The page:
Uncommon Valor

Uncommon Valor joins the list of movies that work primarily on formula rather than inspiration. This time, it’s the impossible-military-mission routine, updated from countless World War II escape or spy movies, and set in the rice paddies of Laos.

Gene Hackman plays an Army colonel whose son is still listed as missing in action 10 years after American soldiers came home from Vietnam. When he identifies a prison camp in Laos that has some Americans in it, he takes his evidence to his son’s old Army buddies, and recruits them for a wholly unauthorized mission to storm the camp and retrieve the prisoners.

Actually, the mission is authorized by the money put up by an oil tycoon (Robert Stack) who also has a son missing. Once Hackman gathers his men together, he puts them through the paces in a mock battlefield constructed with Stack’s money. Next destination: Southeast Asia.

With this kind of movie—think of The Dirty Dozen—you need strong personalities among the fighting men. The group dynamic is the element that really carries the movie, and the challenge is to work with stereotypes and make them something more.

The men of the fighting unit in Uncommon Valor never become anything more than cardboard cutouts. At some point in the production, it must have been decreed that the emphasis would be more on action than character.

So, you get to see a lot of things blow up in this movie. You even get to see some things blow up twice, since the men demolish their phony camp first, and then repeat the job—with a few last-minute variations—on the real thing.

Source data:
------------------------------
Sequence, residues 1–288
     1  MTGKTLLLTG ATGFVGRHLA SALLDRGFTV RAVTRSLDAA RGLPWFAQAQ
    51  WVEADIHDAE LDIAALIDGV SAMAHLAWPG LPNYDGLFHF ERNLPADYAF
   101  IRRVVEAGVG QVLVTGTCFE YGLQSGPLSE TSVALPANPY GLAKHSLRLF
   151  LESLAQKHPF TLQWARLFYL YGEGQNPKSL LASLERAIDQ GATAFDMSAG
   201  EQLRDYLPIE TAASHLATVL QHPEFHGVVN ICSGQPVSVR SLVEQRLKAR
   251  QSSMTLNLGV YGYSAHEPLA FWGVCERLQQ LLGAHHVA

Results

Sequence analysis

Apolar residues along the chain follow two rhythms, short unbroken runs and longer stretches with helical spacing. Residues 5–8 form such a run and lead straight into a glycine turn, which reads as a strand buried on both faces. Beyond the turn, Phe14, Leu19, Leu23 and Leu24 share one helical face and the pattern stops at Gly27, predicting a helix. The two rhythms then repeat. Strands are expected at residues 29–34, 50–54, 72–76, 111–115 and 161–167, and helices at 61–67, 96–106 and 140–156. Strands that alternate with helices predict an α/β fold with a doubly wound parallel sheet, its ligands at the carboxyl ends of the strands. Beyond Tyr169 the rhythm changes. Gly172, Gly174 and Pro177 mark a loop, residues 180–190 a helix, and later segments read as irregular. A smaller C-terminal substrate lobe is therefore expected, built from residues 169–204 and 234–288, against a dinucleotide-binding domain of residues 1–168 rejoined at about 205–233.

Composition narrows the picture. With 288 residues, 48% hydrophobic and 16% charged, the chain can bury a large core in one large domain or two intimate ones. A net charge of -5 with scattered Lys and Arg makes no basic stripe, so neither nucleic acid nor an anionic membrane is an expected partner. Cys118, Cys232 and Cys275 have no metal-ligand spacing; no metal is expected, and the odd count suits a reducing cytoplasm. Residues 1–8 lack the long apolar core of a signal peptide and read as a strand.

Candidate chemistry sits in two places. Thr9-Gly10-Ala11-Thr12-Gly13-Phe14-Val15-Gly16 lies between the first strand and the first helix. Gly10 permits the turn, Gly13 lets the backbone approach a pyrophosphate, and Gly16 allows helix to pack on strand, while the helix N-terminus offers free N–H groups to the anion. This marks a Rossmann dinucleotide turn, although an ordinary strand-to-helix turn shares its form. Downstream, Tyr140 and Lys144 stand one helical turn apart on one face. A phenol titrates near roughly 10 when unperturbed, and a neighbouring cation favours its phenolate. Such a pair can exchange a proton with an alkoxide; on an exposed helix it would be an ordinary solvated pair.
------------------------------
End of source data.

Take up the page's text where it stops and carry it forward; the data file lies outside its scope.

All that noise and fire seemed to satisfy the preview audience that watched the film, but it doesn’t leave you with much to remember, or a reason to care about whether the mission is successful or not.

The lack of depth in the characterizations is not really the fault of the actors. In fact, they’re a pretty good lot. Fred Ward is suitably hard and tough as the claustrophobic master of stealth; Reb Brown gives a funny slant to his surfer who just loves to make bombs go off; and heavyweight boxer Randall “Tex” Cobb does just fine as the slightly loony, mountain-size biker.

They’re simply not given enough to work with. If somebody told me that a half-hour had been cut out of this film before its release, I’d believe it; Uncommon Valor has that kind of by-the-numbers approach to a certain formula.

Ted Kotcheff directed it; he was probably chosen on the strength of having guided Sylvester Stallone through the non-stop jungle hunt in First Blood. Here, as with that movie, Kotcheff seems to know how to push all the right buttons to get the right effects, and that’s not a bad thing in itself. But you don’t get the impression that he ever wonders why he’s pushing the buttons. That makes Uncommon Valor resolutely common.

First published in the Herald, December 1983

Not much of a review, but the movie was an indication of the subgenre of return-to-Vietnam pictures that proved popular at the time. Patrick Swayze was also in there.

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